Google said it might shut down its Google.cn portal following a series of cyber attacks on its corporate infrastructure, which the company said originated from within China.
The attacks, which occurred in mid-December, targeted a number of companies across the Internet, finance, technology, media and chemical sectors and are also thought to have included G-mail accounts of a number of Chinese-based human rights activists.
Based on its investigations, which the company has made public, only two G-mail accounts were accessed, and activity was limited to basic account information (such as the date the account was created) and subject line, rather than the contents of e-mails.
Google said it has taken the unusual step of sharing information about these attacks with a broad audience not just because of the security and human rights implications, but also because the information goes to the heart of a much bigger global debate about freedom of speech.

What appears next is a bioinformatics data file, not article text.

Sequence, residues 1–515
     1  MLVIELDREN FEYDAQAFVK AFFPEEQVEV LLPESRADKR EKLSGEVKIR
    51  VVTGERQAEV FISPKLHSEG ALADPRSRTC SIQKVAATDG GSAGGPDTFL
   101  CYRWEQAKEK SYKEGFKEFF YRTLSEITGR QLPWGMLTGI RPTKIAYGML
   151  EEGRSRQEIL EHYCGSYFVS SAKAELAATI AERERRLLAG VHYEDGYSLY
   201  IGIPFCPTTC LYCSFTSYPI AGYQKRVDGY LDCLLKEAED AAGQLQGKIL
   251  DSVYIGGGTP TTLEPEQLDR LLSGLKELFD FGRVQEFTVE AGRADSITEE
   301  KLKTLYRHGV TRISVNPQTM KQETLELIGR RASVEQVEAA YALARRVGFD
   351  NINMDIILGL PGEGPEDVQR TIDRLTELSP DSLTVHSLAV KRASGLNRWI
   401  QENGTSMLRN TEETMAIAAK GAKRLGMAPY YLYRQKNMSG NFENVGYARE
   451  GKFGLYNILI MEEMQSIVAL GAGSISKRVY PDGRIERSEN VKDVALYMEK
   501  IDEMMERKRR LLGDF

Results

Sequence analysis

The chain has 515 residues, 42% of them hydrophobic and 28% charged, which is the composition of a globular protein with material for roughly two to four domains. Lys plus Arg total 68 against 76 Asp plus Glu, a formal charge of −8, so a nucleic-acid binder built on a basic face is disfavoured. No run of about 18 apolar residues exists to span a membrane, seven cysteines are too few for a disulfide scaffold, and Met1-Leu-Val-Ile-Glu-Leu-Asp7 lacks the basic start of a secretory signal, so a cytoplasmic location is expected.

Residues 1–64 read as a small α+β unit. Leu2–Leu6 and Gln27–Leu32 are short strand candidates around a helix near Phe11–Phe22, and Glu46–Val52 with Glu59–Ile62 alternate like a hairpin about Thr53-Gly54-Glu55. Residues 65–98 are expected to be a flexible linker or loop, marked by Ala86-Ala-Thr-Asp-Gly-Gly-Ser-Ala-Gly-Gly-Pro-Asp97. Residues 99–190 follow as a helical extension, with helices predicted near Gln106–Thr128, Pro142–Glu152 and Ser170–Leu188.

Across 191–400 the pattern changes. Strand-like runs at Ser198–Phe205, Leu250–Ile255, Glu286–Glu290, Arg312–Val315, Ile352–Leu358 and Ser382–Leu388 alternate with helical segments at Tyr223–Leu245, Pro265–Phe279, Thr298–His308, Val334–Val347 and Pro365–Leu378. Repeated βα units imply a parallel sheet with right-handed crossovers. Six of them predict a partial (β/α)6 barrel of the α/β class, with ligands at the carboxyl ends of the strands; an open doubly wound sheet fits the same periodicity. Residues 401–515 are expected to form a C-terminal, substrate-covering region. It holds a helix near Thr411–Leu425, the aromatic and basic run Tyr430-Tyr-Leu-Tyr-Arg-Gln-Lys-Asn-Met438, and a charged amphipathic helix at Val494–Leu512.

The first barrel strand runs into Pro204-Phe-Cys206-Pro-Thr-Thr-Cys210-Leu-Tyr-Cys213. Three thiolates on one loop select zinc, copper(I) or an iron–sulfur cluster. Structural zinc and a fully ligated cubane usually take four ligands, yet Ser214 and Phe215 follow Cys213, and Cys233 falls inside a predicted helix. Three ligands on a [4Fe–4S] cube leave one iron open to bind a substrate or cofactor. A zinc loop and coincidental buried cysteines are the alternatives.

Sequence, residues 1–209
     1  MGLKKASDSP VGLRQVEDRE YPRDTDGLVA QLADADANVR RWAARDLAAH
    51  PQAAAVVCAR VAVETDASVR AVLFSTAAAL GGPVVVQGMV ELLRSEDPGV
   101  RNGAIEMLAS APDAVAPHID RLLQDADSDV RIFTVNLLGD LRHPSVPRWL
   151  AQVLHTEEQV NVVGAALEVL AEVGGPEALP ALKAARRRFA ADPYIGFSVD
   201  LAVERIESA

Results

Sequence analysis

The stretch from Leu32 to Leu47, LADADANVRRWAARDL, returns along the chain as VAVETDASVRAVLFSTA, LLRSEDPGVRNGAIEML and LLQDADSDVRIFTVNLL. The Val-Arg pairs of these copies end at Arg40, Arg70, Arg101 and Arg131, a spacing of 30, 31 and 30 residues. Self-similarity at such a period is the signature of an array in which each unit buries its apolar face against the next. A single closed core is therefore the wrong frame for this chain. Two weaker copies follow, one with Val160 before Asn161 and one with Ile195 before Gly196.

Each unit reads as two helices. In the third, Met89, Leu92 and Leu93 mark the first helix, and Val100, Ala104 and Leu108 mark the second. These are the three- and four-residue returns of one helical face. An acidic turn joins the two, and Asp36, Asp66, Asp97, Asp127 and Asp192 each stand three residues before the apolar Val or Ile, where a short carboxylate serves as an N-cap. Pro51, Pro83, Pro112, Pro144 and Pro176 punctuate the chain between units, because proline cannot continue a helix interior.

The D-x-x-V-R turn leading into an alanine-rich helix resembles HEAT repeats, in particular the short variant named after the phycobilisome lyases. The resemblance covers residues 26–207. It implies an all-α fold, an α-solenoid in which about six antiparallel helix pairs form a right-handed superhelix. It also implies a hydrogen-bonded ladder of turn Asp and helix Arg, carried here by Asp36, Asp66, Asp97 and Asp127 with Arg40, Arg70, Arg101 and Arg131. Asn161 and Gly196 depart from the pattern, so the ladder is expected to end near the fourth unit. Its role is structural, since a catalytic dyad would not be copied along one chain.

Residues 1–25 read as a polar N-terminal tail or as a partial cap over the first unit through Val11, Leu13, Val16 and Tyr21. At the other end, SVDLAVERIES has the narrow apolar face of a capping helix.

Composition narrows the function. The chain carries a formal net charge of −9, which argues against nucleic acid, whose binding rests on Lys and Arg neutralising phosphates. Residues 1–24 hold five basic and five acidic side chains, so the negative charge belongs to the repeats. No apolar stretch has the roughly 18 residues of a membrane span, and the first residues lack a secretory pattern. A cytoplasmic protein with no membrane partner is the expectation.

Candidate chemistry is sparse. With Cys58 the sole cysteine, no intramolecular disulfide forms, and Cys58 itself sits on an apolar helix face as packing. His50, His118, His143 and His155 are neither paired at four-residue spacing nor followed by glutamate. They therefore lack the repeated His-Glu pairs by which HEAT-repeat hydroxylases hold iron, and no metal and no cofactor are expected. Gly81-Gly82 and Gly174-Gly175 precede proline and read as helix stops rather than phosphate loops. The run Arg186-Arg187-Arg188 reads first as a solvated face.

“We have decided we are no longer willing to continue censoring our results on Google.cn, and so over the next few weeks we will be discussing with the Chinese government the basis on which we could operate an unfiltered search engine within the law, if at all,” the company said on its official blog.
Google added: “We recognize that this may well mean having to shut down Google.cn, and potentially our offices in China.”
Antony Yiu, search director for wwwins Consulting and iProspect Hong Kong, said if Google exits China, advertisers would have a limited choice for their search campaigns.
He explained that while Google only commands a 30 percent market share compared to local search service Baidu, Google boasts quality traffic that comes mostly from first-tier cities.
Yiu said Google’s audience generally has higher average incomes and education, plus more spending power.
Even if Google exits, Yiu said key advertisers would still not allocate all their search budgets solely to Baidu but would seek other Internet properties that target those highly educated with high spending power.
See also: “Social Media Grows Across China”